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A researcher injects DNA material onto a laboratory dish inside a "Sequencing Lab" at the Beijing Genomics Institute in Shenzhen in 2010. (BOBBY YIP/REUTERS)
A researcher injects DNA material onto a laboratory dish inside a "Sequencing Lab" at the Beijing Genomics Institute in Shenzhen in 2010. (BOBBY YIP/REUTERS)

The biggest threat to the genomic revolution? Spying scandals Add to ...

There are not many areas of the economy where costs are one-millionth of what they were a decade ago. Biomedical research, however, is one of them. A decade ago, when scientists first managed to sequence the human genome, the cost of performing that magic was about $3-billion (U.S.) per person. These days, however, it has plunged to a mere $3,000 – and is falling further – as scientists take advantage of recent breakthroughs to “skim read” genetic patterns more efficiently and cheaply than ever.

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That diminished price has one big implication: it is now possible for scientists to compare the genomic sequence of thousands of people and thus spot patterns of diseases that range from cancer to schizophrenia. Or as Eric Lander, a professor of biology at Massachusetts Institute of Technology, told a conference last month in Aspen: “I don’t know how many million-fold improvements we have seen in a decade, but that is what we are living through in biomedicine. Amazing things are starting to happen now.”

So far, so heartwarming; or so it might seem. After all, if scientists can understand the architecture of cancers, this should help them find better cures. No surprise, then, that investor interest in biomedicine is rising after several years of neglect. Indeed, the money raised through biomedical companies’ initial public offerings has jumped to $1.7-billion this year, the highest level since 2000.

Sadly there is a catch; at least two challenges threaten to stop this new genomic revolution in its tracks. The first is an obvious one: as a fiscal squeeze bites in the western world, research budgets are being slashed for biomedicine and much else. This matters because even though the cost of sequencing the genome has plunged, the costs of other types of medical research remain high.

The second issue is more subtle: one consequence of the wave of recent cyber surveillance scandals is that voters are becoming more nervous about privacy. That is affecting not just online communication; it could also undermine scientists’ efforts to collect a big enough pool of genomic data to do their research.

The issue at stake revolves around the application of data-harvesting techniques to medicine. In the first phase of the genome-sequencing revolution, researchers gathered genetic data, one person at a time, because of the great expense of sequencing. Today, by contrast, medical researchers are trying to track the architecture of diseases by comparing the genomic sequence of entire populations. If they want to research schizophrenia, for example, they typically need information on tens of thousands – if not hundreds of thousands – of humans, ideally matched against some of their health records, too.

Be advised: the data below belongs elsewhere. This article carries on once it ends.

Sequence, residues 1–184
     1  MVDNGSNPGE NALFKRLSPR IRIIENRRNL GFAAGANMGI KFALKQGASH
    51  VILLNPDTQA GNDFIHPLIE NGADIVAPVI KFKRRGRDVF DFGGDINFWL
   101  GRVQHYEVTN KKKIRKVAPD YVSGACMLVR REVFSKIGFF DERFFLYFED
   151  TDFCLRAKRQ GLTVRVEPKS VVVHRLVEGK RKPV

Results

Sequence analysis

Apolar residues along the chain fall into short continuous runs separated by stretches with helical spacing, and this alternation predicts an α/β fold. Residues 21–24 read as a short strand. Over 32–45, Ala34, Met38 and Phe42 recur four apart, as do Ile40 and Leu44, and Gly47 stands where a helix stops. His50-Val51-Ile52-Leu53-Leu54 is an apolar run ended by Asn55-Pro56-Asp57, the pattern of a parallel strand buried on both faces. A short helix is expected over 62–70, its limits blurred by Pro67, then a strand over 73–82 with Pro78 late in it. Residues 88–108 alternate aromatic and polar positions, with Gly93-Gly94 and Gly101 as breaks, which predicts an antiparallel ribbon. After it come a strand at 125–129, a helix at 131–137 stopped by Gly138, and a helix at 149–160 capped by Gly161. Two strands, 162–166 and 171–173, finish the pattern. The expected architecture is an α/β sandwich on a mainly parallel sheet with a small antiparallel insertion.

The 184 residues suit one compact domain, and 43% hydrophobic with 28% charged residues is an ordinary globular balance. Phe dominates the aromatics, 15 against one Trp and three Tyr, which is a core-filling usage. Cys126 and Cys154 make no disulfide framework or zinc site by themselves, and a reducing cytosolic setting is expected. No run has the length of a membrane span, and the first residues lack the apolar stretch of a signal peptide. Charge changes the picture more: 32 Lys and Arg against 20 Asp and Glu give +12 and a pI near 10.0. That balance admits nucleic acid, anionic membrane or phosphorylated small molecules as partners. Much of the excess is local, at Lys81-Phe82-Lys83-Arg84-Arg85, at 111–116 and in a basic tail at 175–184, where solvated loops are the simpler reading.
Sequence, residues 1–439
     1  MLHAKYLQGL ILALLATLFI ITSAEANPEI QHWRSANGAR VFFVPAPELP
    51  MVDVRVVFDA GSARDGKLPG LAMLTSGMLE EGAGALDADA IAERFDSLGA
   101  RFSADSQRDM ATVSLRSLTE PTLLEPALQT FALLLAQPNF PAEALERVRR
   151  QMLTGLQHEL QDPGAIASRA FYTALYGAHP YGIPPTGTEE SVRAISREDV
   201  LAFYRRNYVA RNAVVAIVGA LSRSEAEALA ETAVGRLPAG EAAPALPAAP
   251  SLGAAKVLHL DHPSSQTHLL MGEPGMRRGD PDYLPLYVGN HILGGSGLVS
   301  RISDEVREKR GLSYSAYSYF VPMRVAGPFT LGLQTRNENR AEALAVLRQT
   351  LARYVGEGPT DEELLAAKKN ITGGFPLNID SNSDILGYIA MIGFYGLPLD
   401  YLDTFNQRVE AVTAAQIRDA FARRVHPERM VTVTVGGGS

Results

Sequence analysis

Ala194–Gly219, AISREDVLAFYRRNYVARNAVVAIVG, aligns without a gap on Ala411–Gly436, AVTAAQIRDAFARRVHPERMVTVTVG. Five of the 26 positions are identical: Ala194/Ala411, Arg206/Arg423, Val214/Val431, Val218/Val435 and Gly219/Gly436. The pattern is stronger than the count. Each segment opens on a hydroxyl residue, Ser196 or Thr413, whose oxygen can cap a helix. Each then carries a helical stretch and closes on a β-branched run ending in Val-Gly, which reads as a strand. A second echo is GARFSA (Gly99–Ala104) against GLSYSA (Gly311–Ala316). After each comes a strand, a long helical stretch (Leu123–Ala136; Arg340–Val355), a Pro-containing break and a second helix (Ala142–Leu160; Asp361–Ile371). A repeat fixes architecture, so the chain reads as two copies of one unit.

But one big obstacle to this is the silo curse: existing information is held in different, Balkanised data banks. Another is that some individuals – and politicians – feel nervous about handing personal genomic information to governments or companies when they do not know how it will be used. “There is no scientific reason why we can’t [do big data] but there are legal issues,” observes Prof. Lander. Or, more accurately, there is a policy quagmire that is growing more intractable.

Is there a solution? Researchers are tossing out ideas. John Bell and Alastair Buchan, professors at Oxford University, are calling for the creation of non-profit entities that would store genetic data on an anonymous basis for public research, akin to a library. Since it would lie outside the grasp of government and corporate interests, they hope that this system could foster public trust. Even before this, Britain’s National Health Service is quietly drawing up plans to create its own genome data bank on 100,000 people. Separately, international scientists are pushing cross-border initiatives to break down data silos.

And Prof. Lander himself is promoting another idea: he wants to start a new “people’s movement,” which would encourage individuals seeking medical help to sign a “count me in” pledge, comparable to the organ donor campaign. This would enable patients’ genes to be sequenced for research on an anonymous basis. This campaign has won some victories. Two months ago, the U.S. Supreme Court ruled that the human genome could not be patented (unless in synthetic form), which should make it easier to gather data. But as the campaign gains pace, the sense of controversy is spreading, too. Little wonder, perhaps. After all, as Genewatch, a non-profit lobbying group, points out, there has hitherto been precious little public debate about all this, not least because the issue of genomic sequencing is poorly understood. Given this, groups such as Genewatch want to stop the U.K. government’s plans to create a 100,000-person data bank, since they argue this will contravene human rights laws. “Anonymisation of whole genomes linked to medical records is impossible,” insists Helen Wallace of Genewatch.

What is clear is that more public debate is needed. And an excellent place to start might be with Prof. Lander’s call for a people’s movement. It is an idea that can be easily grasped – not just by scientists and investors but, most importantly, by the public, too.

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